Lighting Engineers

Our Lighting Engineers are a mix of fully qualified electricians, 17th edition electrical regulations, and lighting techs.  This will give you the advantage of not just having an amazing lighting tech that can provide the most awesome looking show but give you the added bonus that all work being carried out will be both safe and done in the correct legal way. We have worked from Plays through to Rock so we know how to make your show look the best it can be.

We have worked on and are currently working on Tv shows like Dr Who, Torchwood, Sarah Jane Adventures, Merlin, Casualty, Being Human, Spooks, Skins, Larkrise to Candleford, just to name a few.

Stage lighting has several functions, although to allow for artistic effect, no hard and fast rules can ever be applied. The functions of lighting include:

  • Illumination: The simple ability to see what is occurring on stage. Any lighting design will be ineffective if the viewers cannot see the characters; unless this is the explicit intent.
  • Revelation of form: Altering the perception of shapes onstage, particularly three-dimensional stage elements.
  • Focus: Directing the audience's attention to an area of the stage or distracting them from another.
  • Mood: Setting the tone of a scene. Harsh red light has a totally different effect than soft lavender light.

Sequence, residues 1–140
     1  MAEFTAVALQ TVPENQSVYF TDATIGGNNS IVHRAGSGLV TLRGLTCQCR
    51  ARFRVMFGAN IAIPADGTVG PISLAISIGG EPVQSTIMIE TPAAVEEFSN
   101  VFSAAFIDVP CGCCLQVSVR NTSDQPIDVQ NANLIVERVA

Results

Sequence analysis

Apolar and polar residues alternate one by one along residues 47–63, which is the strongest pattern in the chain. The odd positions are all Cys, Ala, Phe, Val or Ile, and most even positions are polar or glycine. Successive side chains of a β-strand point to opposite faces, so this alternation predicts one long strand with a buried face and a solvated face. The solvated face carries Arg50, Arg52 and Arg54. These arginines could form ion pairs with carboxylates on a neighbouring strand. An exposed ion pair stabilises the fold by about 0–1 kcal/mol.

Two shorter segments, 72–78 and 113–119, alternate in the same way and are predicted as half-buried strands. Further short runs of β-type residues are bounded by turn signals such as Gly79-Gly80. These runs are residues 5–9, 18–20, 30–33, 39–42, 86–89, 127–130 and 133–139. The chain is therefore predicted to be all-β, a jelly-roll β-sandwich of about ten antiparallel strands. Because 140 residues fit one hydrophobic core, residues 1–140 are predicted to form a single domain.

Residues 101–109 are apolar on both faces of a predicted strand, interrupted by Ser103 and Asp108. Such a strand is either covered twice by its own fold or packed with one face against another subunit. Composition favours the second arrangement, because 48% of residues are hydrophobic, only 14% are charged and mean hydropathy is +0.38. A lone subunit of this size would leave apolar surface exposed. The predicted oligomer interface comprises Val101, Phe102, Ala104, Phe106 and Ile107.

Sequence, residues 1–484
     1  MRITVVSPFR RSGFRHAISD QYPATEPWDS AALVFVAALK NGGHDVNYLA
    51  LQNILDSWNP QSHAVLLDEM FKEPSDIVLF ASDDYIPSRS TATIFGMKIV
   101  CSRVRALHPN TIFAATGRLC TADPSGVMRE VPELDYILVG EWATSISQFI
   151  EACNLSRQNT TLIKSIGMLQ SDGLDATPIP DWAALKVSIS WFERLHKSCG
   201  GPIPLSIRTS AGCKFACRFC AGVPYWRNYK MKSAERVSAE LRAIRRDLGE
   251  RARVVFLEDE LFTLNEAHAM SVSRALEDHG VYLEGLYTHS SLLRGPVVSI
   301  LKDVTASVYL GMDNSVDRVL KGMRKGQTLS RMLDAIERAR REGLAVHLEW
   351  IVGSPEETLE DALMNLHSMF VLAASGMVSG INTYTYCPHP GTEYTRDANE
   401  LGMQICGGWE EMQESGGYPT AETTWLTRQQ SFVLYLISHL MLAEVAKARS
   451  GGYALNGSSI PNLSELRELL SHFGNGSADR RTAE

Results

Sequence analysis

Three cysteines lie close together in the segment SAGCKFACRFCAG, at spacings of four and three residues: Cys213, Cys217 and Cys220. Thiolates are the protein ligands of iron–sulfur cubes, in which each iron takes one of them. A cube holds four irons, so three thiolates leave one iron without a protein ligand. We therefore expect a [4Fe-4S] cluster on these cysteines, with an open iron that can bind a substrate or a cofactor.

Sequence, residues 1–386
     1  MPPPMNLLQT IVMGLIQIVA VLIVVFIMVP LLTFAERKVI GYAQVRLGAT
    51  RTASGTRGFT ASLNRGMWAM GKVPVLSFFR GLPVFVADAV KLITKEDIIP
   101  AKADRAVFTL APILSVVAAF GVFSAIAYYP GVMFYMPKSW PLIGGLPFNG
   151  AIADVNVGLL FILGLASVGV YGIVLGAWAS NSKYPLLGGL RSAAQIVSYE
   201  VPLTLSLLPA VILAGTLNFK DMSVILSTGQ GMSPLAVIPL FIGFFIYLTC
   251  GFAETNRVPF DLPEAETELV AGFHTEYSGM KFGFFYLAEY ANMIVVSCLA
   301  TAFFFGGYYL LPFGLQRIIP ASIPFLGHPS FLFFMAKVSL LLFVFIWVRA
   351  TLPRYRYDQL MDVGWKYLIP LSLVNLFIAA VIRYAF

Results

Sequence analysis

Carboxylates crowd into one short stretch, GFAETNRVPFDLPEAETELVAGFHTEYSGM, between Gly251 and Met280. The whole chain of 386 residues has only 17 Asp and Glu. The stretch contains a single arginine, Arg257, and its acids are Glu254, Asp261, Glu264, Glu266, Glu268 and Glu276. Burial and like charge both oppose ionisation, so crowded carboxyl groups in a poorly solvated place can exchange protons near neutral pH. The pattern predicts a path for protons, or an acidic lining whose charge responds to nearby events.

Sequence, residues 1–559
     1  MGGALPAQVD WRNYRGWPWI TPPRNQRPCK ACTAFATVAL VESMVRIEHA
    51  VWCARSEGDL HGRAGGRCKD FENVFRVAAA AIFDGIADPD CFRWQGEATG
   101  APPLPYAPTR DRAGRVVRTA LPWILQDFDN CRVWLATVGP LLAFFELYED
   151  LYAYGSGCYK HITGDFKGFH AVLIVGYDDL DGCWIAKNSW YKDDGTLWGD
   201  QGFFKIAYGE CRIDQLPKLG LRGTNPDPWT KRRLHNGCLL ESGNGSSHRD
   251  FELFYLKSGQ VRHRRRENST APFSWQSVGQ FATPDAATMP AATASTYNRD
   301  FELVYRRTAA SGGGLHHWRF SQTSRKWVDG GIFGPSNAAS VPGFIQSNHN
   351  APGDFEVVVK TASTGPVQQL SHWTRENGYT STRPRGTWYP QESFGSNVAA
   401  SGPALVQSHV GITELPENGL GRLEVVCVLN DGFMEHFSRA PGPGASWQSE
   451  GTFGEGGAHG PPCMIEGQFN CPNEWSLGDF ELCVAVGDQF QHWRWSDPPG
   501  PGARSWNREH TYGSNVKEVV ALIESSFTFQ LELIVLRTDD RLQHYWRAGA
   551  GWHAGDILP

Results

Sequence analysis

• Location and time of day: Establishing or altering position in time and space. Blues can suggest night time while orange and red can suggest a sunrise or sunset. Use of gobos to project sky scene, moon etc
  • Projection/stage elements: Lighting may be used to project scenery or to act as scenery onstage.
  • Plot: A lighting event may trigger or advance the action onstage.
  • Composition: Lighting may be used to show only the areas of the stage which the designer wants the audience to see, and to "paint a picture".[1][2]

While Lighting Design is an art form, and thus no one way is the only way, there is a modern movement that simply states that the Lighting Design helps to create the environment in which the action take place while supporting the style of the piece. "Mood" is arguable while the environment is essential.